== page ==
Kuwait: Where Women can't Vote
August 11, 2003
The question of the enfranchisement of women is on the table in Kuwait, in light of the results of the current academic year's school examinations, released recently by the Ministry of Education. The results are bittersweet: high achievements by the women, who must then stand and watch with their mothers as their brothers and fathers head to the polls.
- Of the students who passed the final secondary school examinations, 77 percent were girls; the girls won all the top places in all the subjects.
- Girls are also a majority of university students in practically all subjects.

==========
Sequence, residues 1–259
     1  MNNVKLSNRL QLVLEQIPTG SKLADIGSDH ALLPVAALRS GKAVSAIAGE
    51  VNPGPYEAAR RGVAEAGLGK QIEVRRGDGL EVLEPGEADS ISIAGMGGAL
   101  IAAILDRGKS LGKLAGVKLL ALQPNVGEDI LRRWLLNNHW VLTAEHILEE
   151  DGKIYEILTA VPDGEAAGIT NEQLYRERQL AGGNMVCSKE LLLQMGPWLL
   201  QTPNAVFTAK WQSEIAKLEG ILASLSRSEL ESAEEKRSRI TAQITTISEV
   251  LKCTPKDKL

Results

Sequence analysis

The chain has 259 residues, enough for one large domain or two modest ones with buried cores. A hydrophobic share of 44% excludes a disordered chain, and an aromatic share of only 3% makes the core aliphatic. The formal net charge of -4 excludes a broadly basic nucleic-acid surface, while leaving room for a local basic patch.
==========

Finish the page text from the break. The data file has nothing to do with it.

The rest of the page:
- However, only one out of six girls emerging from Kuwaiti education has any chance of getting a job that reflects her academic achievements -- due to the limited opportunities for women in the public sector (which employs 94 percent of workers).
- A survey of the new parliament shows that at least 22 members will support the idea of women voting.
- At least four other members support a position under which women would be allowed to vote but would not be allowed to stand for election for at least another 10 years.
Some opponents to giving voting rights to women claim that the idea strays from the tenants of Islam, yet it is only one of two Muslim countries where women cannot vote.
Source Amir Taheri, "Women in Kuwait," Townhall.com, July 16, 2003.
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